THE BLOG
02/08/2014 01:50 pm ET Updated Apr 10, 2014

Brushing Up on Grammar: Misunderstood Words and Troublesome Prefixes

A good friend of mine asked me the other day if it was correct to say, "taken back" as an expression of surprise. The answer is "no"; the correct phase is "taken aback." That may sound funny to some people, but it is correct.

This caused me to think about another word and some prefixes. So I decided to write about "aback," "unkempt," and how to use "in" or "im" or "il" or "ir" as a prefix with adjectives. Let's take them one by one.

Misunderstood Words: "Aback" and "Unkempt"

"Aback," an adverb, dating from AD 1,100 and coming to us from Middle English, has three historic definitions: (1) "back or backward," now considered archaic and no longer used in English; (2) "in a position to catch the wind upon the forward surface (as of a sail)" and used primarily by people of the sailing world: and (3) "by surprise" or "unawares," the definition currently used by the majority of people.

Using "taken aback" as an expression of surprise or shock is the correct usage of "aback" in today's English. It may seem unusual or out of place because it is, in fact, an idiom -- that is, an expression that is peculiar to itself grammatically and in meaning.

Here are some examples of its correct use in a sentence.
"I was taken aback when I got his unexpected letter."
"I was taken aback when I fully understand the minister's sermon."
"You may be taken aback to know that your problem isn't a big drawback after all."

The elderly in some parts of Scotland tend to use "aback" the same as "ago," for example, "Eight days aback." But that usage is unique and is going out of style. The correct English usage of "aback" for most of us today is as an expression of surprise.

"Unkempt," an adjective, is often confused with "unkept." They have entirely different meanings and should not be used interchangeably.

Unkempt means "uncombed," and primarily refers to uncombed hair, for example:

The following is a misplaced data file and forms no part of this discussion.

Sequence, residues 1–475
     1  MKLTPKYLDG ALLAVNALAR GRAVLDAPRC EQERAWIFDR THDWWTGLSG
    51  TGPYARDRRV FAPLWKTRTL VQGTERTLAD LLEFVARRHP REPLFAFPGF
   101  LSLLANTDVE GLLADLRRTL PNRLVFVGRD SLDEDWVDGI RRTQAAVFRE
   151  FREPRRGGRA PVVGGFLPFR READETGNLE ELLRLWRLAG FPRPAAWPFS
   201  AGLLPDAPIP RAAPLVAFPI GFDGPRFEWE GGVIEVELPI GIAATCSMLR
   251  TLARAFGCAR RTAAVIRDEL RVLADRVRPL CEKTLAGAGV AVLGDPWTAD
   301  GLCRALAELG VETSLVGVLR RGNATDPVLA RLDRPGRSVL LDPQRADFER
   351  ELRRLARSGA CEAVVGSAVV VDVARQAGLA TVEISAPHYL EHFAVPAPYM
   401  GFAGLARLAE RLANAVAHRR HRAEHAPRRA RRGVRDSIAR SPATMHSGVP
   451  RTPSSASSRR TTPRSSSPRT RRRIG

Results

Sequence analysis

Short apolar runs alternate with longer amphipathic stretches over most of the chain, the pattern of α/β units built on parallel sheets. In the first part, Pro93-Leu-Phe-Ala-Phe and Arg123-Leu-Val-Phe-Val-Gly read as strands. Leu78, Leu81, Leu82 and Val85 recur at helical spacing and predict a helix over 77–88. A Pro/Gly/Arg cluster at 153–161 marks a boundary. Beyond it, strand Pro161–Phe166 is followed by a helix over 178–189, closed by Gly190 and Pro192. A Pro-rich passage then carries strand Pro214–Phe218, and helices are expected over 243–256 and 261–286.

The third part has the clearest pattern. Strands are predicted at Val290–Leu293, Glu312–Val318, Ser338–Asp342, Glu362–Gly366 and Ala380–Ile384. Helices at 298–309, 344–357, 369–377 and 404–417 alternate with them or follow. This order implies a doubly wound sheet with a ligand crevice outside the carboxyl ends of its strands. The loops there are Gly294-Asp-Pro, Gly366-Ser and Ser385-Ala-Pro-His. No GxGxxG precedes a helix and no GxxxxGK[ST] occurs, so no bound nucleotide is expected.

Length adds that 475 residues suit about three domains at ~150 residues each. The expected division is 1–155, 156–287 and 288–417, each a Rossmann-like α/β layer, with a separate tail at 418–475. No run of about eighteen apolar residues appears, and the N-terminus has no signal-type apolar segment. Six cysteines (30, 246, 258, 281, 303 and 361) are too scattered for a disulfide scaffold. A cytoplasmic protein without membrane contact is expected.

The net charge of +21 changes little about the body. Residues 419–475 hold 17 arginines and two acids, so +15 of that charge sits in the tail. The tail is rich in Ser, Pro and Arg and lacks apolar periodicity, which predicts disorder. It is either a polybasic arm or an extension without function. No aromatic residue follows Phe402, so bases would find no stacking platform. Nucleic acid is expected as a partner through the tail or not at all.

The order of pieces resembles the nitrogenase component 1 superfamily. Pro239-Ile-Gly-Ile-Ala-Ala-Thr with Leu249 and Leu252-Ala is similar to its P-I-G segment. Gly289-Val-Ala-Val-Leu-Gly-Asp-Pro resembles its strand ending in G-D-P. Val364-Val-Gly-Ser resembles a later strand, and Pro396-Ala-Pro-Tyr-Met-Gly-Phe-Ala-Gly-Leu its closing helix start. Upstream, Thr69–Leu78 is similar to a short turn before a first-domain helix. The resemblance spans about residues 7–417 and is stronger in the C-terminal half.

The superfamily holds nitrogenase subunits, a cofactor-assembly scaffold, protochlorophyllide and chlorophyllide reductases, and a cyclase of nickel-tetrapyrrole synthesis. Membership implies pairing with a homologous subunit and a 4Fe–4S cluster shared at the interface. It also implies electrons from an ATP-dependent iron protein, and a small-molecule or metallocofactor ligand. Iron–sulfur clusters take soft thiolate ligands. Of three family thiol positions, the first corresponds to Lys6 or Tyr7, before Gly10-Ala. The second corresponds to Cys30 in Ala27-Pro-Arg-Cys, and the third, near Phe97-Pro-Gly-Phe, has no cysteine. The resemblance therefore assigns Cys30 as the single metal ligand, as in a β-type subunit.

"Your hair looks unkempt when you roll out of bed in the morning."
"When you are outside without your hat in the wind, you hair looks unkempt"

There is some occasional usage, especially in literature, of unkempt to refer to anything that is deficient in order or neatness -- for example, unkempt gardens, an unkempt rambling path, or unkempt villages -- but unkept is the appropriate word to be used in these instances.

"Unkempt" comes to us from Middle English (12th-15th centuries) and is traced to "un" (not) and "kemben" (to comb). "Unkempt" should be used in referring to uncombed hair and "unkept" in referring to something that is neglected.

Troublesome Prefixes with adjectives: "in," "im," "il," and "ir"

A few weeks ago another friend told me that he could never remember whether "imput" or input" is correct. I told him that there is no such word as "imput," but I added that there is a definite grammatical formula that explains how to use "in," "im," "il," and "ir" as prefixes with adjectives. As I thought about our conversation, I remembered how many times my students expressed frustration over not understanding the correct usage of these prefixes. So let's clear this up.

Just as a reminder, a prefix is a letter or letters attached to the beginning of a word, thus producing a new word that has been derived from the word the prefix is attached to and has a different or expanded meaning from the original word, many times producing a word with the exact opposite meaning as the original meaning.

When used as a prefix with an adjective, "in," "im," "il," and "ir" are related and have exactly the same meaning. They all can be traced back to the Old English period of grammar (7th to 12th centuries) and have come to us from the Old English to Latin to Anglo-French to Middle English to the present. They all have the same origin; they come from the Old English word "un," translated into modern English as "not" or "non."

Now, here's the formula for knowing whether to use "in" or "im" or "il" or "ir" as a prefix with an adjective. In most instances, English grammar calls for "il" to be used before words beginning with "l" (for example, illiterate and illogical); for "im" to be used with words beginning with "b" (imbalance), beginning with "m" (immoral and immortal) or beginning with "p" (impractical and imprecise); "ir" to be used with words beginning with "r" (irreplaceable and irresistible); and "in" to be used with other sounds (for example, inapplicable, inconsiderate, inconsolable).

The words in parenthesis are meant only as examples, not as all-inclusive lists. It is interesting to look in a dictionary in the sections that have "in," "im," "il," and "ir" to find the many, many examples of how these four prefixes are used with adjectives.

These four prefixes can also be used with nouns, but then they take on a different meaning, so that is a subject for another day.

Hopefully, you will find these comments helpful in brushing up on English grammar.

All definitions are from Merriam-Webster's Collegiate Dictionary, Eleventh Edition, 16th Printing, 2012.